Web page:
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Facts About Homo erectus

23 Jun 2015
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Facts About Homo erectussalient facts about the ancient ancestor of modern humans which lived from 2 million years ago till about 100,000 years ago. An online article by Joseph Castro, Live Science - Homo Erectus: Facts About the 'Upright Man' - reports on the salient facts about the ancient ancestor of modern humans which lived from 2 million years ago till about 100,000 years ago, possibly even 50,000 years ago. Compared with modern Homo sapiens, from the last 200,000 years, Homo erectus, or 'upright man,' had a long reign. 

Homo erectus

Fossil specimens dating from 1.75 milion years ago discovered at Dmanisi, Republic of Georgia.

Fossils of H. erectus also show that the species lived in a large geographic range with numerous locales across the globe, including South Africa, Kenya, Spain, China, and Java.

H. erectus had a similar range of body sizes to modern humans, and it is the first human ancestor to have similar limb and torso proportions to those seen in modern humans. This suggests it had adapted to walking on two feet in a more open, grassland environment, unlike Australopithecus fossils with features related to climbing.

Similar to modern humans, H. erectus used tools, technology and culture to hunt for and gather food.

Homo erectus

Reconstruction of a Homo erectus female. Image: Smithsonian National Museum of Natural History

Homo erectus was taller than earlier human ancestors. One of the most complete fossil skeletons ever found, a 1.5-million-year-old specimen of an adolescent male known as Turkana Boy (now known as Nariokotome Boy), may have grown up to 6 feet 1 inches (1.85 meters) tall as an adult. By comparison, the iconic 3.2-million-year-old Australopithecus skeleton dubbed Lucy was just 3 feet 7 inches (1.1 meters) tall at death.

Homo erectus also had more variation in height - with more tall and short individuals - than more primitive humans.

Some H. erectus individuals also had much larger brains than older hominins. Specifically, small-bodied, early H. erectus fossils have brain sizes not much bigger than Australopithecus (an ancestor of the Homo genus), but the Nariokotome Boy and other early large-bodied specimens have a brain volume more than 50 percent larger than Australopithecus and about 60 percent the volume of people living today.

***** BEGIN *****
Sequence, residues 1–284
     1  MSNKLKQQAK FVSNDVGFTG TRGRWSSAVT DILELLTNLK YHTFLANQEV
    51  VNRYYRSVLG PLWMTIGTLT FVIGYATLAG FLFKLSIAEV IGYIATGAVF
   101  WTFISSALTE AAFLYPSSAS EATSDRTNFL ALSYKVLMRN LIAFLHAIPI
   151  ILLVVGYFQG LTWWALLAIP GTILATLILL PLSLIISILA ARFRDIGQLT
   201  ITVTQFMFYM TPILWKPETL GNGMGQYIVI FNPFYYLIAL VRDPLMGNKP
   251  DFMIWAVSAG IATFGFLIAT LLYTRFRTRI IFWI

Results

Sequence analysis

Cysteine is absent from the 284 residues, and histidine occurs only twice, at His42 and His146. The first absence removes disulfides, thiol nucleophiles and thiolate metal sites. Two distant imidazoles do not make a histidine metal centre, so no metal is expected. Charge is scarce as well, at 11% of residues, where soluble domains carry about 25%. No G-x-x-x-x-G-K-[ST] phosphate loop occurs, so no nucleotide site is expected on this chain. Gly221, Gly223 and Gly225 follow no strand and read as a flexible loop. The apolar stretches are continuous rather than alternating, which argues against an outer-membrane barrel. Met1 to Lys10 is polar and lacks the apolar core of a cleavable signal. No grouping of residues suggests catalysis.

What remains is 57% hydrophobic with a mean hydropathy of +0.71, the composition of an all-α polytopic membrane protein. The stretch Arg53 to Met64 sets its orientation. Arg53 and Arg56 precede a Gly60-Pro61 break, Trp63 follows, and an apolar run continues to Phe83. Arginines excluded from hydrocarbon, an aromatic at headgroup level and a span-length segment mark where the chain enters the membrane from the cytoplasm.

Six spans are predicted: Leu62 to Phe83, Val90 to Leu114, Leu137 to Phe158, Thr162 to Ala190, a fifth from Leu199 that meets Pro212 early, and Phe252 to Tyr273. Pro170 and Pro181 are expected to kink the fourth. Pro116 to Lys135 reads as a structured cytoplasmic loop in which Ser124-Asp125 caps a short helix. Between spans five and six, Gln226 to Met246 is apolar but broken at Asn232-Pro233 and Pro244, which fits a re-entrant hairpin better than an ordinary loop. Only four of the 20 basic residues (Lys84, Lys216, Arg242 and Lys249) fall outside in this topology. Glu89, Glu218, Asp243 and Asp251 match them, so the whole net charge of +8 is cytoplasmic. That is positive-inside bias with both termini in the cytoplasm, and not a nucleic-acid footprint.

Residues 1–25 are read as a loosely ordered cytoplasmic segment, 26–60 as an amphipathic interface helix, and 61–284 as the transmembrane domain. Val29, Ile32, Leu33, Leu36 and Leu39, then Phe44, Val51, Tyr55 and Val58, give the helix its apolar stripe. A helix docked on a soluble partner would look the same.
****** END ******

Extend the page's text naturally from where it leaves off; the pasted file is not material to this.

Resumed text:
Those bigger brains and bodies required more food and energy to survive. Analyses on the dental micro-wear and stable isotope chemistry of H. erectus fossils (molecules from foodstuff naturally become incorporated into growing teeth and bones) suggest the ancient man ate a fairly flexible and diverse diet, which likely included a lot of animal protein. Homo erectus' larger brain may explain why its apparent intelligence and why it displays so many distinctly human behaviours. 

H. erectus (and potentially other, earlier Homo species) may have harnessed fire to cook food as early as 1.9 million years ago. A 2013 analysis of ancient tools (stone hand axes), reveal the human ancestor was butchering animals by at least 1.75 million years ago.

In 2014, researchers discovered 540,000-year-old shell carvings - the oldest engravings ever found - belonging to H. erectus, as well as shells that were apparently used as tools. Many of the shells discovered at the Java site contained unnatural holes near the shells' hinges, exactly at the point where muscle keeps the shell closed. This suggests H. erectus may have purposely drilled these holes to easily open the shells and eat the mollusks, before using the shells as tools and canvasses.

Homo erectus' ability to make complex tools was possible because of the strength and dexterity in its hands, which it owes to a certain hand-bone projection called a 'styloid process' that was previously thought to only exist in Neanderthals and modern humans.

The lineage and evolutionary history of H. erectus and other Homo species is unclear.

Homo erectus was once thought to have first evolved from an earlier human ancestor, known as Homo habilis, somewhere in East Africa. It was thought that H. erectus then spread out to inhabit South Africa, parts of Europe (Spain and Italy), the Caucasus, India, China, and Indonesia.

However, some experts argue H. erectus is restricted largely to Eastern and Southeast Asia, some fossils from Western Asia and Africa should be considered Homo ergaster and European remains are best described as Homo heidelbergensis.

Moreover, after the recent Skull 5 discovery some researchers claim that various contemporary Homo species, including Homo rudolfensis, Homo habilis and possibly Homo ergaster, were actually Homo erectus.

And scientists do not agree on whether H. erectus is a direct human ancestor to Homo sapiens.

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